That’s Right Nate

Thoughts from a right thinker.

How Groundhog Day Kept Christianity Alive

with 5 comments

Movies like Groundhog Day have helped to secularize Candlemas.

Movies like Groundhog Day have helped to secularize Candlemas.

Like many people this season I enjoyed the heartwarming story of how Christianity’s message was spread using the Christmas Carrol The Twelve Days of Christmas.  There are a lot of seemingly secular holidays and traditions in our society that have a Christian tradition behind them.  In the middle ages Christians throughout Europe were persecuted and in many countries the teaching of Christian doctrine was forbidden.  The Christians of the time being men and women of good faith looked for a way to pass the story of Christ’s resurrection down to their children.

The day which the Europeans called Candlemas Day was full of symbolism.  For those of you that need a refresher, on February 2nd the groundhog comes out of his burrow and looks around.  If he sees his shadow there will be 6 more weeks of winter.  If not there will be an early Spring.  This story was used to teach children of how Christ exited the tomb after 40 days.  Those 40 days are represented by the 6 weeks.  The shadow represents the shadow of sin.  Of course Spring represents the new life that Jesus calls us all to.

I suppose the obvious question is why a groundhog?  The groundhog was chosen because the European groundhog is considered a noble animal and the combination of white and gray fur can sometimes give the appearance of a robe like Jesus’s burial robes.  Also, the early Christians needed an animal that hibernated and the only two animals native to Europe that hibernate are the bear and the groundhog and you sure wouldn’t want to be waking up a bear for this.

For many centuries, European Christians used this holiday on February 2nd to keep their faith alive in the face of great persecution.  When the earliest settlers came to Pennsylvania they brought Candlemas with them.  Unfortunately, much like in our own times there was a battle over Candlemas between those for whom it was a sacred religious holiday and those who wanted to call it Groundhog Day and remove all religious significance from the day.  Sadly, Groundhog Day won that war and much of Candlemas’s religious significance was lost.   My goal is this year to remind everybody of the religious significance of Candlemas.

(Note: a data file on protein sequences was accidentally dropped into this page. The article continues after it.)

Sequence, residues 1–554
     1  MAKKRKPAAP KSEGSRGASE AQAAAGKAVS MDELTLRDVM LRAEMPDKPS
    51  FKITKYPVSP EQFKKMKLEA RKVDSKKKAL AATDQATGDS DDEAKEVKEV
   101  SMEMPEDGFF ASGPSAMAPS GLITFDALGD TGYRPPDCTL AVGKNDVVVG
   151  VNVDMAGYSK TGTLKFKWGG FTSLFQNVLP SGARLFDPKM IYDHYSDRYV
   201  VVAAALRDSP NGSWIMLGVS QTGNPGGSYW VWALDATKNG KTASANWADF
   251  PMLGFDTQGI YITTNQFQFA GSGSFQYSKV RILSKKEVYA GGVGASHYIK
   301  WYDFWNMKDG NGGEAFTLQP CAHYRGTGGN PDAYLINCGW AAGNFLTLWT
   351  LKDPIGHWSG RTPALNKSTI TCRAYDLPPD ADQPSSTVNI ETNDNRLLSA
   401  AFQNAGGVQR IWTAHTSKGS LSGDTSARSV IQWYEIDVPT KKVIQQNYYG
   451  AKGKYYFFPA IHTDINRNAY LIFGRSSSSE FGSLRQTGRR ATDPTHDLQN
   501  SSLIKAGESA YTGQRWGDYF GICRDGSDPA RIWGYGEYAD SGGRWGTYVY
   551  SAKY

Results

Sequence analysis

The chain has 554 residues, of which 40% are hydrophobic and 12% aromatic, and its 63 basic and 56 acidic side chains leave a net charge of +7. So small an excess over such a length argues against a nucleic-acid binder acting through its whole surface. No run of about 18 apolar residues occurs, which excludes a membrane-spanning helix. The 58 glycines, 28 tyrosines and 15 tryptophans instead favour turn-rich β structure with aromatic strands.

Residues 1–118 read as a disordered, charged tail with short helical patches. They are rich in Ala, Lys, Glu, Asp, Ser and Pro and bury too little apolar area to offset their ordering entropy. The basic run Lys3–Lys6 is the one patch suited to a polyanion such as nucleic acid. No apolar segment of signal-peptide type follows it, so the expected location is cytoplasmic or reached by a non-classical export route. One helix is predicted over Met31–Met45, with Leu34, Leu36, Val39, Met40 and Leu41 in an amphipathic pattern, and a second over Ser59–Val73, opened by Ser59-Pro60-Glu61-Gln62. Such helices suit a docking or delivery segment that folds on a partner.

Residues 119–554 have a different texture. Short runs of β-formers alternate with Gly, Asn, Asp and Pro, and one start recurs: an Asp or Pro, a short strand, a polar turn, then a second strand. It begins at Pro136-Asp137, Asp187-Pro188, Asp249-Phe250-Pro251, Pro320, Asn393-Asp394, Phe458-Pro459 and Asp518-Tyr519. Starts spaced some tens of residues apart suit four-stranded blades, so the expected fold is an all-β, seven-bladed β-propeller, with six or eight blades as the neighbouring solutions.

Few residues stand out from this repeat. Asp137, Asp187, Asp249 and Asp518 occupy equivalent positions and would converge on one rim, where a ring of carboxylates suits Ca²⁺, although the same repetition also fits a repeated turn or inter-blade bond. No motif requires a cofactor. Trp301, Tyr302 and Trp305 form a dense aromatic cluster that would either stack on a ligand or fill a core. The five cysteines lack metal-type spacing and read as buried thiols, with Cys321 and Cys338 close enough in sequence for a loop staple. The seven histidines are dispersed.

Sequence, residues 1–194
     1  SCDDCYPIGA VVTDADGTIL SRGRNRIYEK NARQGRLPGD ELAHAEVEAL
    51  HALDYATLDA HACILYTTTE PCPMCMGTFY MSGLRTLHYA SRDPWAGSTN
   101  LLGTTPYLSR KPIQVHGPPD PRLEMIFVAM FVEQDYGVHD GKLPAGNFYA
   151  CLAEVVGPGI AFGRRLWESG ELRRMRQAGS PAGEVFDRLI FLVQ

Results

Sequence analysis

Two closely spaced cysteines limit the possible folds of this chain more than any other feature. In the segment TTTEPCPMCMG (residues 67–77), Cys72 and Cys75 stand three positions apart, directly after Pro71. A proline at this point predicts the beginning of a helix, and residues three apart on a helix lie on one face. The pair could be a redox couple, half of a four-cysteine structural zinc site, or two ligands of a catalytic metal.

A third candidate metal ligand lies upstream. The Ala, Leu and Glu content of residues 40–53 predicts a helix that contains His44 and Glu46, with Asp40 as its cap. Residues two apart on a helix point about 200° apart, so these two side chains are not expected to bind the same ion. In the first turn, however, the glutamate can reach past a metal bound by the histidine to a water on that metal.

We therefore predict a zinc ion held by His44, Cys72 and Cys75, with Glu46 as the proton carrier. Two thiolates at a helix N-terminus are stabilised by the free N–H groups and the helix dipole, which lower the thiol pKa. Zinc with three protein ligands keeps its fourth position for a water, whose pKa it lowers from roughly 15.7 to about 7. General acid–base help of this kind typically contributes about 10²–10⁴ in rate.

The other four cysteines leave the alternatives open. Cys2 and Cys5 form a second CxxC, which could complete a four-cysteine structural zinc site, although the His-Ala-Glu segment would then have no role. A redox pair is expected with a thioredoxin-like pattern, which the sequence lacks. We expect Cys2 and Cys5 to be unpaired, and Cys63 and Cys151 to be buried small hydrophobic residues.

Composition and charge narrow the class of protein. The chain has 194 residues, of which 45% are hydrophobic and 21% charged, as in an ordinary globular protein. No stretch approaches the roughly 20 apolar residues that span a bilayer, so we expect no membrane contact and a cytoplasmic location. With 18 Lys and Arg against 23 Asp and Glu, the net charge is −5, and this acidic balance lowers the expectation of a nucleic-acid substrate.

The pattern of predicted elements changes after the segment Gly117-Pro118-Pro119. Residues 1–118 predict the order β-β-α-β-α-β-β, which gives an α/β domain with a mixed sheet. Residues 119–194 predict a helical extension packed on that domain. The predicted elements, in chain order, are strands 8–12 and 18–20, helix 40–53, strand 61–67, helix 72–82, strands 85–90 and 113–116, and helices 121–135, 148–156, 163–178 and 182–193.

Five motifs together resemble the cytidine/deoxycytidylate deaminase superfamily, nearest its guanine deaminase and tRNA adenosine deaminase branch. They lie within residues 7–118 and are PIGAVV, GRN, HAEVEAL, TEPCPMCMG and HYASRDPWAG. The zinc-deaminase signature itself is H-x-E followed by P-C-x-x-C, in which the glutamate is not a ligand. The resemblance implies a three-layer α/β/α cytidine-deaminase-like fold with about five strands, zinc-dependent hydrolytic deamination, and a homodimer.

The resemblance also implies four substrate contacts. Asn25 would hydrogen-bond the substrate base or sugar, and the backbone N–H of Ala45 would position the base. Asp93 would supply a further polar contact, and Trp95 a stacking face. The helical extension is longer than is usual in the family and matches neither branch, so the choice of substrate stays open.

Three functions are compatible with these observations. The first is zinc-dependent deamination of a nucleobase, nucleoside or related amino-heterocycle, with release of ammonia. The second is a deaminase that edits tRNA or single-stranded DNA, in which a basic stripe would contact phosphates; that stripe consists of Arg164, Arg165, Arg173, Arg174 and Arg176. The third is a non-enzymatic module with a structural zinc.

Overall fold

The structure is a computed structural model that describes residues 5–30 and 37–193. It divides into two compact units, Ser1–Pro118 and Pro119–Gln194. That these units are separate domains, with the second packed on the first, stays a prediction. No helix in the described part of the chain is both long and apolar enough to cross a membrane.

5 Responses

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  1. Now how cool is that!!! Thanks for sharing.


    January 9, 2009 at 9:41 pm

  2. thanks for the fascinating history of this important holiday, nate! how do you plan to celebrate candlemas day? i imagine a roast groundhog dinner with all the trimmings would be quite festive.

    still, i’m not sure the movie would have been as successful with the title “candlemas day”.

    “ned ryerson – is that you?!”


    January 9, 2009 at 10:28 pm

  3. I had not thought of it really. The traditional German Candlemas dinner includes head cheese, sweetbreads, and beets.


    January 10, 2009 at 9:24 am

  4. “head cheese, sweetbreads, and beets”?

    yum! what’s for “afters”?


    January 10, 2009 at 12:42 pm

  5. Hi, Nate, I loved the title of this post, “How Groundhog Day kept Christianity Alive”. But then you say that the movie has secularized a Christian tradition, so it actually contradicts your title (from what I understood). It doesn’t matter. When I narrated what you wrote about the bear to my husband, he laughed out loud. And he never laughs at anybody’s jokes except his! Maybe we could start a new tradition by using my hubby. If he laughs at a joke, spring will come early. If not, six more weeks of winter. What do you think?


    January 10, 2009 at 5:07 pm

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